Here’s one alcohol fact we are happy to see: Florida teens are drinking less. According to the 2014 Youth Substance Abuse Survey, past-month alcohol use decreased 10.2 percentage points in middle schoolers and 13.6 percentage points among high schoolers since 2004.
This good news is that there is solid evidence that the efforts of parents, schools and communities to prevent underage drinking are helping kids be safer and make wiser choices. However, this finding doesn’t mean we can back off those efforts. The same survey found that 1 in 5 high schoolers had reported blacking out from drinking, and another 20 percent had been in the car with an impaired driver. Here are more alcohol facts that parents should know:
Teen Alcohol Use
Statistics from the Substance Abuse and Mental Health Services Administration (SAMHSA) show that by age 12, 5.1 percent of kids will have consumed a full drink of alcohol. That number jumps to 33.1 percent for age 15 and 60.1 percent by age 18. Also, nearly a quarter of 17-year-olds have had a drink in the past month.
Underage Drunk Driving
In 2013, 29 percent of underage drivers killed in car accidents nationwide had at least a drop of alcohol in their system, and in 405 of the 492 accidents, the driver was above the legal BAC limit of 0.08 percent. Another 371 fatal accidents involved underage drivers who had been drinking, survived, but killed a passenger or occupants of another vehicle.
What Is Binge Drinking?
Binge drinking is defined as consuming more than five alcoholic drinks for males, four for females, on one occasion (for example, a 17-year-old boy drinking five beers at a party). According to SAMHSA, 1.4 million adolescents ages 12-17 had binged in the month before the 2015 national survey was conducted. Another 221,000 adolescents were classified as heavy drinkers—defined as someone who has binged five or more days over a 30-day period.
Alcohol Use and Risk of Death
Between 2006-2010, an average of 4,358 underage drinkers died every year. Though about a third of these deaths were from motor vehicle accidents, an average of 1,269 were homicide-related, 245 were from non-violent causes such as alcohol poisonings or drownings, and 492 were suicides.
Alcohol Use and Sexual Assault
Statistics on sexual assaults are difficult to pin down because so many incidents go unreported. However, researchers estimate that each year, almost 100,000 students between the ages of 18 and 24 report experiencing alcohol-related sexual assault or date rape. Sources also agree that young women have a higher risk of rape while drunk or drugged.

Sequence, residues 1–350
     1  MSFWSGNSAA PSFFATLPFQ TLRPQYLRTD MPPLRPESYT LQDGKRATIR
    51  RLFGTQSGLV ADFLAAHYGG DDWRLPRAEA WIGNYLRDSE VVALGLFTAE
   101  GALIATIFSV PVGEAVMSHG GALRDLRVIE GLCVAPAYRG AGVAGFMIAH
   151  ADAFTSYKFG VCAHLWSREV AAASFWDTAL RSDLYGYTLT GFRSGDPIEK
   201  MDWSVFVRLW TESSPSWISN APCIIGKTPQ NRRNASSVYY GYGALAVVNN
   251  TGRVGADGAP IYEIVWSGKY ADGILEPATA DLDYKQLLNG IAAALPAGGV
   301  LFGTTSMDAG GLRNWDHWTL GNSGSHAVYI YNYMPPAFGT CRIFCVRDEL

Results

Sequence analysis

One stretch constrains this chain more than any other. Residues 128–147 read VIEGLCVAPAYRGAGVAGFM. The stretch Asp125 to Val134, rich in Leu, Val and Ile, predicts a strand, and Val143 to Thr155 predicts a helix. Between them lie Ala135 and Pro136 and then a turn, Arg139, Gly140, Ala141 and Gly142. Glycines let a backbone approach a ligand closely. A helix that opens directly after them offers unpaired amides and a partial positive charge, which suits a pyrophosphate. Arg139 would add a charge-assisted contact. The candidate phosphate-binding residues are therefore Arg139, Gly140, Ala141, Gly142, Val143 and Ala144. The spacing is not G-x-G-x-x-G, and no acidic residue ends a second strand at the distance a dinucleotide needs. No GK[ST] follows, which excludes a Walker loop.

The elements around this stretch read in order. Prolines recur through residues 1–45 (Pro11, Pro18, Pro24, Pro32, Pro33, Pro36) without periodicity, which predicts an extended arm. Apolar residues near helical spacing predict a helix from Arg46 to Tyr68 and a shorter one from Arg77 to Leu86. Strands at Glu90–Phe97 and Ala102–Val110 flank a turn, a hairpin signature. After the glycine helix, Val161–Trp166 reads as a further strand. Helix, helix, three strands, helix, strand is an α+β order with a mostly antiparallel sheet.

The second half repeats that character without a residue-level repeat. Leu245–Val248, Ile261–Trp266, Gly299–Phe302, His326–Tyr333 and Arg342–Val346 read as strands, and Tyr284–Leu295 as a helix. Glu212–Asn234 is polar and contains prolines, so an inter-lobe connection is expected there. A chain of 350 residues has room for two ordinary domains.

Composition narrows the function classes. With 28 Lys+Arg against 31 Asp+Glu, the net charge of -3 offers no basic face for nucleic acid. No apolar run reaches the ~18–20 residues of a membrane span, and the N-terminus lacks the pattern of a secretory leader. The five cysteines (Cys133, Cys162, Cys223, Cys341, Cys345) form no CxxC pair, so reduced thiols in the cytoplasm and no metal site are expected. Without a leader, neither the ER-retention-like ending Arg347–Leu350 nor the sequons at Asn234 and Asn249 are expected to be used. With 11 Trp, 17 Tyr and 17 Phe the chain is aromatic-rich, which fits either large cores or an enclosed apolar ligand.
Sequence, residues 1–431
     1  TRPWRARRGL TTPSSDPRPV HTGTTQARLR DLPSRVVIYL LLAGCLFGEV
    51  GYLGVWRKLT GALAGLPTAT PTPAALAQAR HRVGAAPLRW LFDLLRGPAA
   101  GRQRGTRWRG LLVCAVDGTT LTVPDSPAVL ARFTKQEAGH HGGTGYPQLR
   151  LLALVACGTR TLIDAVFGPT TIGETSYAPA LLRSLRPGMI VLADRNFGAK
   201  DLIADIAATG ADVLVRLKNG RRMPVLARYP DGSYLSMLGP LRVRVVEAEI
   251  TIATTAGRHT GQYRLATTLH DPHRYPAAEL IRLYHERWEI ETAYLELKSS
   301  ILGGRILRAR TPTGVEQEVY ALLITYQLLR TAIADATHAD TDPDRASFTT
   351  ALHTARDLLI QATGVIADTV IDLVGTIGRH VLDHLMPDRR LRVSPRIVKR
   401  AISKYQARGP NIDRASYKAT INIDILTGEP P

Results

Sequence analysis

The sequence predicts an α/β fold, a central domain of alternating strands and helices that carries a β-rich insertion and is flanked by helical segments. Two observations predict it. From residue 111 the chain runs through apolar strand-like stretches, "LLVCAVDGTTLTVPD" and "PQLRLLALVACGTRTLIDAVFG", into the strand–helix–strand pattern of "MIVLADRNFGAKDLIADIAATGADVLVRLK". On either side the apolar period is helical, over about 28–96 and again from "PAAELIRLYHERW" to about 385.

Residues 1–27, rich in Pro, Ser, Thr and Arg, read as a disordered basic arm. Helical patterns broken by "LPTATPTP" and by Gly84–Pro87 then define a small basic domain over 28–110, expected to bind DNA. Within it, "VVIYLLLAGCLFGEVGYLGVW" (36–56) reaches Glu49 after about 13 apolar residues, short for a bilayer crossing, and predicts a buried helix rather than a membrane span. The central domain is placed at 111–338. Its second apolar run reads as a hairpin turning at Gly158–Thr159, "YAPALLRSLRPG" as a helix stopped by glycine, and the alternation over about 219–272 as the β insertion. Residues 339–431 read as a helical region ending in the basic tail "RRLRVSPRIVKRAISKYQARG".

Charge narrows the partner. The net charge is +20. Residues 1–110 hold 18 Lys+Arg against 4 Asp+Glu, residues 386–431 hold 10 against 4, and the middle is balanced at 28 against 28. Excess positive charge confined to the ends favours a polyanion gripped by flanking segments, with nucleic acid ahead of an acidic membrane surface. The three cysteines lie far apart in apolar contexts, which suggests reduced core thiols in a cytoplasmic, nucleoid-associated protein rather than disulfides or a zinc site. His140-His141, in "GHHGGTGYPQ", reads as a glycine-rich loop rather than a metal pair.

If your teens may seem predisposed to making bad decisions, it’s not just because they are intentionally trying to drive you crazy—the human brain doesn’t fully develop until at least age 25. Adding alcohol into the mix can derail this development; research has shown that binge drinking can damage nerve tissue in teenagers.
Early Use & Future Alcoholism
A 2013 study discovered that kids who start drinking between ages 11-14 are more likely to become alcoholics as an adult. The research found that there was a 16 percent chance these young drinkers develop that dependency 10 years later, whereas only 1 percent of 19-year-olds who start drinking become alcoholics within a decade.
What Can You Do
These alcohol facts may not give parents the most optimism about protecting their kids from the dangers of underage drinking, but as already stated, underage drinking prevention initiatives have made an impact. Here are some things you can do to help keep your teens safe:
- Clear parental disapproval: Research has shown that parents who clearly and firmly state the dangers of alcohol to their teens are an effective influence on those kids choosing not to drink. Don’t mince words when expressing your disapproval, and set non-negotiable rules about drinking.
- Keep lines of communication open: As much as teens don’t want to admit it, you are the most important source of information in their lives—and this is the age where they need your guidance and support the most. When they ask questions about drinking, offer honest, blunt answers. Healthy communication not only delivers your expectations and concerns, but also helps foster trust so that kids will come to you when they have a problem.
- Work with other parents: Surely, you aren’t the only parent in your community concerned with underage drinking. Work with other families—especially the families of your kids’ friends—to keep them safe. If your child says he or she is going to a party of a classmate, don’t hesitate to call the parents of that classmate to get more information on supervision and if alcohol will be present. Just the knowledge that you will follow up with other parents can prevent your kids from trying to sneak a party past you.
- Family meals: This remains one of our favorite facts—families who eat meals together communicate better, which in turn leads to less alcohol use and other risky behaviors by the kids. Family meals are not just about eating together, but also communicating and building trust. Even 10 minutes in the morning drinking a cup of coffee or eating breakfast with your teens before they leave the house for school can produce positive effects.
Which of these alcohol facts hit home for you?